Following recent success in the Far East for both its architectural and events media display solutions, G-SMATT has announced the formation of a European company. Based in Oxford, the company, which will be known as G-SMATT Europe, is led by Dr Orhan Ertughrul and will be bringing the benefits of its smart glass solution to the architectural and city planning audiences as well as the events industry. Orhan is joined in the senior management team by Niraj Kapur, sales director and they are supported by a number of experienced and skilled design and architectural personnel.
Dr Ertughrul, executive vice president Europe, G-SMATT Europe, explained more about the company and the opportunities that exist; "We firmly believe that the digital media façade, coupled to the Internet of Things and the current ubiquity of glass façade architecture is fundamentally changing the way we interact with the City Scape. The buildings of the future will be connected and able to share information including for example local traffic updates, advice from emergency services and news from local councils. This connectivity will also allow building owners or facilities managers to project the purpose of their buildings into the community, change the way their buildings are perceived, create new business models and interact with people on a personal level.”
G-SMATT Glass has already been successfully installed at several locations in Asia including the Shanghai Stock Exchange and one example can be viewed here https://vimeo.com/channels/1175317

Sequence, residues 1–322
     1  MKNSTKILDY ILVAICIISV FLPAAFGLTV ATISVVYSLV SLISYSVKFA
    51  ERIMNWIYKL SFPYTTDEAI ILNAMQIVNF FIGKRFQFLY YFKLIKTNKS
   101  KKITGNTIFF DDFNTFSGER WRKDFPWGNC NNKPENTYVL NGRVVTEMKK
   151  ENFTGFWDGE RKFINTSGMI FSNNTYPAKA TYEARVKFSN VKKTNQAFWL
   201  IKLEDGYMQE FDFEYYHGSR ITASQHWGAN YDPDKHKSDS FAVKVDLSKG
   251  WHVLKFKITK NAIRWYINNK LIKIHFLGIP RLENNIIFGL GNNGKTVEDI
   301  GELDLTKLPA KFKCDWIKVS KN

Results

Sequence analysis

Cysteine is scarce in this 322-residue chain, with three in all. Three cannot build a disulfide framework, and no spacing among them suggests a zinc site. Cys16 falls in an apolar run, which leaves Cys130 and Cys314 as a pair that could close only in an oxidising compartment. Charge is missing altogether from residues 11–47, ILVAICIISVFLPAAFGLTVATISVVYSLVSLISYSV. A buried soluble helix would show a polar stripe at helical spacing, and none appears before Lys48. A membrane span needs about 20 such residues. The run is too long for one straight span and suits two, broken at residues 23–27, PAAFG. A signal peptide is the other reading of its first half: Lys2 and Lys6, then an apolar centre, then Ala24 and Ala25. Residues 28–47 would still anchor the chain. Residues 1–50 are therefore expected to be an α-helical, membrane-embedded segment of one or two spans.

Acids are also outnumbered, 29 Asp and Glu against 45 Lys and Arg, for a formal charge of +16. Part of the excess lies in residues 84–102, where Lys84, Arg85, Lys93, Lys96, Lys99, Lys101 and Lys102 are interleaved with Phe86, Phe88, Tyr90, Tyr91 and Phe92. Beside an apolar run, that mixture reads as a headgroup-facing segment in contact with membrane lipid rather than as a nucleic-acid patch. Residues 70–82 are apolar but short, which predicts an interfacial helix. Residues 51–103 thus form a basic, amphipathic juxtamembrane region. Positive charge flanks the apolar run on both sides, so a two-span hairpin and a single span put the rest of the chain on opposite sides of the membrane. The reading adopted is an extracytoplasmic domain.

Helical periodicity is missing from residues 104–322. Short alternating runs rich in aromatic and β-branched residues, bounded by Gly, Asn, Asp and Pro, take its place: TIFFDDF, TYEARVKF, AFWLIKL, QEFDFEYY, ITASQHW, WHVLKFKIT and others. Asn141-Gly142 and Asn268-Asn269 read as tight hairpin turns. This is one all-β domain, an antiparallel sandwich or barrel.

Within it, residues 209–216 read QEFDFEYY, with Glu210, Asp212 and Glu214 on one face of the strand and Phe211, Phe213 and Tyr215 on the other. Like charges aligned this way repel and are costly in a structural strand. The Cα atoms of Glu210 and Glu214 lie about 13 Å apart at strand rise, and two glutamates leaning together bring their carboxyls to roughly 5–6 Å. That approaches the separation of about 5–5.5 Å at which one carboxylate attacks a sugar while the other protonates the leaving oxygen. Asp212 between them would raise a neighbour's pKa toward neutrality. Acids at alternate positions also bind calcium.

The company’s newly refurbished offices at King Charles House, Park End Street, Oxford, OX1 1JD contain two walls of the media active glass, giving visitors the chance to see its capabilities for themselves.
The small LEDs that provide the media capability are placed at regular intervals, 20mm on the monochromatic product up to 90mm on the colour and even the colour product will go down to about 40mm, depending on the specification. When viewed from the inside there is less than 1% reduction in visibility through the glass. This is considerably less than other current alternatives such as an overlay or frame structure which can give the impression of being in a cage or prison cell when viewed by the building's occupants. Even when illuminated at night people within the building are not dazzled by reflection as less than 10% of the light emitted by the LED's is reflected into the building's interior.